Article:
As technology has opened up a new space for cyberculture, new forms of deviance and social control have appeared.
Such procrastination and corporate inefficiency stemming from internet access is called "cyberloafing. " In addition to new forms of deviance in traditional cultural mores, new forms of deviance have arisen within cyberculture.
For this reason, all of these behaviors are considered production deviance.
More serious cases of deviant behavior involve property deviance.
Property deviance refers to workers damaging an employer’s property without authorization.
Advances in technology have resulted in new forms of deviance as well as new forms of control.
Conduct Disorder One case study of a psychological theory of deviance is the case of conduct disorder.
Psychological Trauma Psychological theories of deviance do not necessarily have a biological element.
Bales’s alleged deviance.
Problems with Psychological Theories of Deviance While psychiatric diagnoses are commonly used to explain deviance, one must remember that what counts as a legitimate diagnosis is always in contention.
This goes to demonstrate the fluctuating nature of psychological theories of deviance.
Psychological theories of deviance use a deviant’s psychology to explain his motivation or compulsion to violate social norms.
It holds that deviance is not an inherent tendency of an individual, but instead focuses on the tendency of majorities to negatively label minorities or those seen as deviant from standard cultural norms.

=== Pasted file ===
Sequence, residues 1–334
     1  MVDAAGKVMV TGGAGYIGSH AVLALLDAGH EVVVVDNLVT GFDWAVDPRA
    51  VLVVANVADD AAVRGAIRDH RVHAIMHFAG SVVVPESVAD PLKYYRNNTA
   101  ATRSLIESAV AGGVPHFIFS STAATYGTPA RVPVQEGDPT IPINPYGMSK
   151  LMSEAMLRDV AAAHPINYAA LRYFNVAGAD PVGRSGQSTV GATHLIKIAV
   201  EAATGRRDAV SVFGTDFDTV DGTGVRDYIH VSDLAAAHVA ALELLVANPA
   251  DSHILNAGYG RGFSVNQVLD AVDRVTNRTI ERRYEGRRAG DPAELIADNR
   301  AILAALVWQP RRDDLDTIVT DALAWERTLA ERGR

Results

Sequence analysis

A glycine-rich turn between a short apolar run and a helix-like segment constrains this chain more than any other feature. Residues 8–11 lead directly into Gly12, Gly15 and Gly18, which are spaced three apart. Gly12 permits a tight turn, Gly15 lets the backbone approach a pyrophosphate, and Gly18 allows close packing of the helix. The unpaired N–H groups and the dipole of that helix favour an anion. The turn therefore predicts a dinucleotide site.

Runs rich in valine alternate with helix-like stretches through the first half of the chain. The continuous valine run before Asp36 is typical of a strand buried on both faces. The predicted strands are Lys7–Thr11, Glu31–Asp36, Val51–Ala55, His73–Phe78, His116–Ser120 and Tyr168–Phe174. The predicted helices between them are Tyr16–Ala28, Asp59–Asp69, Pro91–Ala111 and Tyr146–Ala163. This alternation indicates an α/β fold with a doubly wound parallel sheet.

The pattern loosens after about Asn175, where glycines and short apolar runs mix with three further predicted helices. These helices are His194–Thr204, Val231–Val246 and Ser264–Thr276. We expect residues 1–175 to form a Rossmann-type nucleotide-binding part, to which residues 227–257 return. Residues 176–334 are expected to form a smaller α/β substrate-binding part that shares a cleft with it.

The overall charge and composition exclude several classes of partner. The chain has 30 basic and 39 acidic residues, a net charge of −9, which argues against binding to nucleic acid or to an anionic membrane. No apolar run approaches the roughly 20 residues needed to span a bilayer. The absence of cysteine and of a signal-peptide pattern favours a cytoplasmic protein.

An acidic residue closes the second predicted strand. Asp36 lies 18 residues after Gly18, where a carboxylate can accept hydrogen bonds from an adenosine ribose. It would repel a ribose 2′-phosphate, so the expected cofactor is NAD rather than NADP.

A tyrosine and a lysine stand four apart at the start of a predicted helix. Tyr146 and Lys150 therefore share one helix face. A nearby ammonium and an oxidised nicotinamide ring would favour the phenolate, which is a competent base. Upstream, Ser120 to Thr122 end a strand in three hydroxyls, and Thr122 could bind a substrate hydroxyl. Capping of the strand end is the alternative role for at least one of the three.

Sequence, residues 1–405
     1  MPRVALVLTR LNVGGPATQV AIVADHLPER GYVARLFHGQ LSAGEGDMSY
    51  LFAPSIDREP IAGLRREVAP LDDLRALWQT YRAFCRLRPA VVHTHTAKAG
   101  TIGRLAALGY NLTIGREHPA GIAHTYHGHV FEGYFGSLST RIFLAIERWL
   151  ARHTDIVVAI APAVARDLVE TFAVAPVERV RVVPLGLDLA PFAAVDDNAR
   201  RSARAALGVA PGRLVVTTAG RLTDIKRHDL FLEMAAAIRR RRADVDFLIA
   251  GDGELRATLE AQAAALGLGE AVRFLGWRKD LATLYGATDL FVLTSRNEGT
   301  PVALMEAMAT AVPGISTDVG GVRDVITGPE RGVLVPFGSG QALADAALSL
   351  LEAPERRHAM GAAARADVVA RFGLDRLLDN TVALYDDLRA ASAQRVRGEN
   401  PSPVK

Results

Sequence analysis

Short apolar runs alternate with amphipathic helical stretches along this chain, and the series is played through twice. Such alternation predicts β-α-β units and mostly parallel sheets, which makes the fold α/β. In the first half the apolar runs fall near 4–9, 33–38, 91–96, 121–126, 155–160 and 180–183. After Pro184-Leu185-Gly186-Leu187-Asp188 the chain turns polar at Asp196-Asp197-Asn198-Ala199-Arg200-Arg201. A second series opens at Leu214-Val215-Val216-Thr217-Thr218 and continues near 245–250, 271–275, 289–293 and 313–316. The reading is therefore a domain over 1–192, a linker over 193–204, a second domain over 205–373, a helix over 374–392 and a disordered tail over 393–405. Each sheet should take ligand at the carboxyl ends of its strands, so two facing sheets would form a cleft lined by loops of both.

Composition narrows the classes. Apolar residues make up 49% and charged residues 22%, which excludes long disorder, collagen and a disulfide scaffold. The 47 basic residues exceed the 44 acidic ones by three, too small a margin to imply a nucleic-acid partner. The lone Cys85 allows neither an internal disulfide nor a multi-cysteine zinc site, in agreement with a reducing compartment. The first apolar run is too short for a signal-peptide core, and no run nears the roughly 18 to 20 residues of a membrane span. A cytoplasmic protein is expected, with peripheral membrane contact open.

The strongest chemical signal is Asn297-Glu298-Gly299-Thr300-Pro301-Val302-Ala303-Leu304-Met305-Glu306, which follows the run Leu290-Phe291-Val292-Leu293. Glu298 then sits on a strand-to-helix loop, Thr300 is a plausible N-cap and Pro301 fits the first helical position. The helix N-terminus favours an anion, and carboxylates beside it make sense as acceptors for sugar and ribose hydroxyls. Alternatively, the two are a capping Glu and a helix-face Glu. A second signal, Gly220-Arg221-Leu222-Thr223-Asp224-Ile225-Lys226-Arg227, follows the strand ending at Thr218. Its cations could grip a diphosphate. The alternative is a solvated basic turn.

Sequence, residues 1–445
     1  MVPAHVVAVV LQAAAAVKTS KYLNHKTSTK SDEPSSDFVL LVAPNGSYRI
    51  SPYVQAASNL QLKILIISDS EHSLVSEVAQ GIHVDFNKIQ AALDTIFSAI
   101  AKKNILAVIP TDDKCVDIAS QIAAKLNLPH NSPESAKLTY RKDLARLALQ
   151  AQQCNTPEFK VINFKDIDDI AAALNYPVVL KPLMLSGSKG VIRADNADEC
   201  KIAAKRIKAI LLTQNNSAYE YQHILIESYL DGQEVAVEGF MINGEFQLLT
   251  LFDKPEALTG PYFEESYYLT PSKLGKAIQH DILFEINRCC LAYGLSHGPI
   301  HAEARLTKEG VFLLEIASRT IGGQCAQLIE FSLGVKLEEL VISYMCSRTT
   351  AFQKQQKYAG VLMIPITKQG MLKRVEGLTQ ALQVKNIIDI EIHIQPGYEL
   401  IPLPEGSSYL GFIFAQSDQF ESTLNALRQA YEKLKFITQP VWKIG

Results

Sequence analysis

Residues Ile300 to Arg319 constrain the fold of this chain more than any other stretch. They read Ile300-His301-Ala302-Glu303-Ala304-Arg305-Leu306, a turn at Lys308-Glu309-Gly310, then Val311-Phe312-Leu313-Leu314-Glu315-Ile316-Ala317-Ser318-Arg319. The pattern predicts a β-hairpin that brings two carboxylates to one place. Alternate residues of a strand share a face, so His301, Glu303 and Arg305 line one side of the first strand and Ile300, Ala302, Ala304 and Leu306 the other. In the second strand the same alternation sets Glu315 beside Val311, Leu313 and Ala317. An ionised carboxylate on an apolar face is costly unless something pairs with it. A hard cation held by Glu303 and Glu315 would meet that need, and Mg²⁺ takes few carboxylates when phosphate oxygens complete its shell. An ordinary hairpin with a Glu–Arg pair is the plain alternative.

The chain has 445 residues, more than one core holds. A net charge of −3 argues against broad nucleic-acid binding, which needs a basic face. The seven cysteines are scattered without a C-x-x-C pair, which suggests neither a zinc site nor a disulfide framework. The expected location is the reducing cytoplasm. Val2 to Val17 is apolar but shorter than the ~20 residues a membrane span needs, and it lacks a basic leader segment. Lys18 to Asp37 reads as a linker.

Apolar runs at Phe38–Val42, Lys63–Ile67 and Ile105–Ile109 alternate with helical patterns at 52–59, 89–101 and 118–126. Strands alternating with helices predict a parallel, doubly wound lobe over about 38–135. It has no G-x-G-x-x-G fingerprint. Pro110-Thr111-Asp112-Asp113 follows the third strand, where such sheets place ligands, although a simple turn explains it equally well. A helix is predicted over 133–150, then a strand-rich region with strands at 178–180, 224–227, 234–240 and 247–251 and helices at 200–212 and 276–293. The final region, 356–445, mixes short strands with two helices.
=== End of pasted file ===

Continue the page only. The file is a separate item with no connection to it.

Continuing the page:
Consequently, labeling theory postulates that it is possible to prevent social deviance via a limited social shaming reaction in "labelers" and replace moral indignation with tolerance .
It is merely deviance from the norms of society that people attribute to mental illness.
Labeling theory holds that deviance is not inherent to an act, but instead the result of the externally-imposed label of "deviant".
Social scientists, particularly political scientists and sociologists, have cited 'relative deprivation' (especially temporal relative deprivation) as a potential cause of social movements and deviance.
In extreme situations, it can lead to political violence such as rioting, terrorism, civil wars and other instances of social deviance such as crime.
Social scientists have cited 'relative deprivation' as a potential cause of social movements and deviance.
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